Draconian Policy for Weak Teachers
It had to happen eventually. Tennessee will revoke the licenses of teachers whose students fail to post progress on standardized tests ("Teachers Face License Loss," The Wall Street Journal, Aug. 17). Evidently it isn't enough to fire these teachers. They have to be punished, and what better way to do so than preventing them from ever teaching again.
Although Rhode Island, Louisiana and Delaware are also considering pulling the licenses of teachers whose students consistently fail to improve test scores, Tennessee is the predictable center of the strategy. It was at the University of Tennessee in 1992 that William Sanders constructed the controversial value-added model being used to evaluate teachers. The state has already abolished collective bargaining for teachers and made it harder for them to earn tenure.
I expect to see other states joining this Draconian movement. I don't know of any other way to describe it. If the ostensible goal is to improve instruction for students, then why not provide underperforming teachers with help? If they don't improve after a reasonable period of time, then more drastic action is warranted.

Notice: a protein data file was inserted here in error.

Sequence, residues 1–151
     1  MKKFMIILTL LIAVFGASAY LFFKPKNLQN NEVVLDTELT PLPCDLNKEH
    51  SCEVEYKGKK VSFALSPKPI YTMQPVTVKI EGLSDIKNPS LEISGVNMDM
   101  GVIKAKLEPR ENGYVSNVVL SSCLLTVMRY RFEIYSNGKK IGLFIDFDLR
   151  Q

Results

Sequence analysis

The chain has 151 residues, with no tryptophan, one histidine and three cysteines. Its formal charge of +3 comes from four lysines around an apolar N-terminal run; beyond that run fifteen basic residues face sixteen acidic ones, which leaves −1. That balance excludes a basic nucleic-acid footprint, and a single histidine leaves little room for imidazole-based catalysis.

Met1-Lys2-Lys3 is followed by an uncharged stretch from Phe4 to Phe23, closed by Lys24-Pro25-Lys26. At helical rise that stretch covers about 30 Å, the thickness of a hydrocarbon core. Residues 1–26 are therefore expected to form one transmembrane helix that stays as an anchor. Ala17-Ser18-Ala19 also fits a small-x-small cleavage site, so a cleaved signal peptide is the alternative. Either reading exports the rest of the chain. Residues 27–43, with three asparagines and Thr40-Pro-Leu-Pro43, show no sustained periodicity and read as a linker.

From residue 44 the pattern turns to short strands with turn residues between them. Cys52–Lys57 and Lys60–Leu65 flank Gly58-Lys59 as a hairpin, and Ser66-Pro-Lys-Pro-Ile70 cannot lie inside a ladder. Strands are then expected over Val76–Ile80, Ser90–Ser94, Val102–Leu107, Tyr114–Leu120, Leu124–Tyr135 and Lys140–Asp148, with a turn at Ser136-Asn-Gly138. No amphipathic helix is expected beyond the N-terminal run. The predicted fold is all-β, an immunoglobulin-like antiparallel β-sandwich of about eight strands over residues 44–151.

But that's really not what's behind the new strategy. The ultimate goal is to reduce teaching to a service industry. That means treating teachers strictly as salaried employees who can be fired at will. Tenure is already disappearing. It won't be long before teachers are compensated strictly on their students' test score growth. The rationale is that test scores are the only objective way to determine teacher effectiveness. For example, a new Associated Press-NORC Center for Public Affairs Research poll found that standardized tests have support among many parents who believe they are a useful way to measure the performance of both students and schools ("Parents back high-stakes testing," Education News, Aug. 18). Despite copious evidence that such scores are not a reliable way of doing so, protests are futile.
Teaching used to be a field where those who were committed to helping young people achieve their potential made a career. That era is now disappearing. When historians look back, the truth will finally emerge about the reform movement. Hint: It has little to do with students ("Our Gilded Age Education System," In These Times, Aug. 16).